It’s about 7 pm and you can hear the excited intrusion of sirens blasting in the distance. I move away from the window and my eyes catch the strenuous rise and fall of Baami’s chest. Baami had come down with a strong fever, but we cannot get him to a hospital. We do not want to risk getting the virus. He says he will soon be fine, but he sleeps too early and wakes too late. I have never seen him so weak. He can’t get food into his mouth, and the ‘Lumartem’ is not working.
It’s in the air, they say – the virus. The number of cases increases every day. People are dying, but I reckon some are probably dying from hunger as much as the disease. Things were much less complicated before the pandemic. There was school, and we didn’t have to worry much about food.
The Hausa lamp is lit so dull in the contraption of our living space. It is not our lack of furniture that buggers me or our ceiling sparse but for a burnt bulb right in the middle.
I stare at the object of my present discomfiture; a piece of rag crass against my skin. “You bleed way too much. You’ll manage rags”, Maami had said. As if it was my fault I had to bleed every month.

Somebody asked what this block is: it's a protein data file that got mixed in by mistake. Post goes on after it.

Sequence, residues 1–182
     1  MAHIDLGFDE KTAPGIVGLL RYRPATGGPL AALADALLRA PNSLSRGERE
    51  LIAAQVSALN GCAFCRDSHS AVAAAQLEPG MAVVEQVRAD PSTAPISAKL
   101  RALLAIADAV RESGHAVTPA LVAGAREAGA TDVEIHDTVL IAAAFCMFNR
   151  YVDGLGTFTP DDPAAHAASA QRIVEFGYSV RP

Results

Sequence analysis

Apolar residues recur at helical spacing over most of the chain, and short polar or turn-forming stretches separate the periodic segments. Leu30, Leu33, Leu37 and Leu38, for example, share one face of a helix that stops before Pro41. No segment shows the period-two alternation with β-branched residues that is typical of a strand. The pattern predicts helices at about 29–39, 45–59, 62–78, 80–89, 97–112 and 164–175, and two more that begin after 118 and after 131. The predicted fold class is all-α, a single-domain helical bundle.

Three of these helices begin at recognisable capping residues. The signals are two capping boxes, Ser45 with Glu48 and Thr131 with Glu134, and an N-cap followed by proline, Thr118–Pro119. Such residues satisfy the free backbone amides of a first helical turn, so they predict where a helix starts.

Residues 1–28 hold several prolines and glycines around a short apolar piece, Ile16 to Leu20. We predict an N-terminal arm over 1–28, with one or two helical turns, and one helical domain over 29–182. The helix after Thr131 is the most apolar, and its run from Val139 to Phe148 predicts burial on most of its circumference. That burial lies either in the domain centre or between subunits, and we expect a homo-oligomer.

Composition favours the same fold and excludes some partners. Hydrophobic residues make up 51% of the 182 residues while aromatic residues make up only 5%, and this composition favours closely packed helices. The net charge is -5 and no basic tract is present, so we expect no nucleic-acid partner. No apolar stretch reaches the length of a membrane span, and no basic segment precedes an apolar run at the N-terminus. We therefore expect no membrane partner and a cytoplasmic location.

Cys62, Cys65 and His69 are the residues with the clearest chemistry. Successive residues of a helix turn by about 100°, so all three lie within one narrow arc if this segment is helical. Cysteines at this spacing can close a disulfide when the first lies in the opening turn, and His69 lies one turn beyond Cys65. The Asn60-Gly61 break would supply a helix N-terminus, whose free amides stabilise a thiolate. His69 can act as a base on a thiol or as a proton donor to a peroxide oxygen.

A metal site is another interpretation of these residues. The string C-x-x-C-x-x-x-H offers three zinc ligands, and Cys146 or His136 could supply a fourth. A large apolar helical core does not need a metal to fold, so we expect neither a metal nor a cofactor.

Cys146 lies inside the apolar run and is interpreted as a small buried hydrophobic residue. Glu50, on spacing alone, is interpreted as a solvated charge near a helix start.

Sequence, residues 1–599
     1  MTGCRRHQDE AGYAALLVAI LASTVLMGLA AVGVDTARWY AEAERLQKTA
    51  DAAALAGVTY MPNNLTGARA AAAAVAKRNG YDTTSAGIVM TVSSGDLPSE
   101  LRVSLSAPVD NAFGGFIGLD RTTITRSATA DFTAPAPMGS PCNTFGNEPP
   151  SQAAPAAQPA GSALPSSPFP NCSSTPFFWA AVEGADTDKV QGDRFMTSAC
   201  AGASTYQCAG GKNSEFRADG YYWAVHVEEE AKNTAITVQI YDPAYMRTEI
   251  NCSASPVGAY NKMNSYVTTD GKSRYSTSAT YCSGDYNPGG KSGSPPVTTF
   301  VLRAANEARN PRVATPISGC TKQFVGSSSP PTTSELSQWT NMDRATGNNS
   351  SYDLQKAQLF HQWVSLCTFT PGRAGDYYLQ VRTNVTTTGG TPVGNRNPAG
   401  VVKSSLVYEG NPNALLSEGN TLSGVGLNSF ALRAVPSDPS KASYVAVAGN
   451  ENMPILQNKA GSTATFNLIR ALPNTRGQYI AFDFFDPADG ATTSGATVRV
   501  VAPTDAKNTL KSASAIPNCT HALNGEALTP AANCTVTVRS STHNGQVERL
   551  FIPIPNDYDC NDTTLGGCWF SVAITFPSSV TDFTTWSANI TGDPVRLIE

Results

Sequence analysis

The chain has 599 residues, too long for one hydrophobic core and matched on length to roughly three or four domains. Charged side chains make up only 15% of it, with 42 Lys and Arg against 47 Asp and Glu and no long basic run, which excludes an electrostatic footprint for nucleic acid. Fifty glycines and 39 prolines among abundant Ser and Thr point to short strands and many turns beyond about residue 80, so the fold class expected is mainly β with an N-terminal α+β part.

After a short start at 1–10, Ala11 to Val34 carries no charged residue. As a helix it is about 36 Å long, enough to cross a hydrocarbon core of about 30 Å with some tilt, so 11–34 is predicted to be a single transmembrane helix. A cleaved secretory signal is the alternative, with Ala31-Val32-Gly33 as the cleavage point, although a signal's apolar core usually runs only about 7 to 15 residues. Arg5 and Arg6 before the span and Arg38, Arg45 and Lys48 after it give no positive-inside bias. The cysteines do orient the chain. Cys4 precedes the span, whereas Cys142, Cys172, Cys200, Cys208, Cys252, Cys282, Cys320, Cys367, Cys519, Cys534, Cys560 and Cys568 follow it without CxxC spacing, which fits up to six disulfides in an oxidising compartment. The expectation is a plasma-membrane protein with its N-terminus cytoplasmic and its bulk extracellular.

“Sade!” Maami’s voice rings now, “bring me a stool”. My body reacts in a jolt. I should be helping.
Outside, Maami is crouched on the ground, placing dry wood under the ‘Adogan’. “E kuu ise ma”, well-done ma. “I should get more wood tomorrow”, I say. She regards me with a nod.
“Mama Kunle wants me to wash her clothes tomorrow. You will stay with your brother and father”. I can see the worry and frustration etched on her forehead. My younger brother is bent beside her. His curious mind does not mind much the smoke that goes into his eyes. He does not seem too worried about anything; that we have stopped going to the market every day after School; that we are indoors most of the time now.
“I want to make akara and ogi. Maybe he will eat.” She does not look at me when she says it.
I know she is referring to Baami and I wish too that he would eat it, but I say, “What about rice?” Maami rises to stare at me, then shakes her head and looks away.
I should not have mentioned rice and I knew it. All we really have is garri. She had gone to beg for the beans for ‘akara’ from our neighbours. Slowly, I walk away from her- the memory of rice teasing my taste buds- while echoes from my belly ring through my body.
I look at the sand so calm and restive, or maybe it is as sad as I am; sad about the hunger and anger floating in the air; of the quiet and boredom.
© SALOME OLOROGUNSO, June 2020.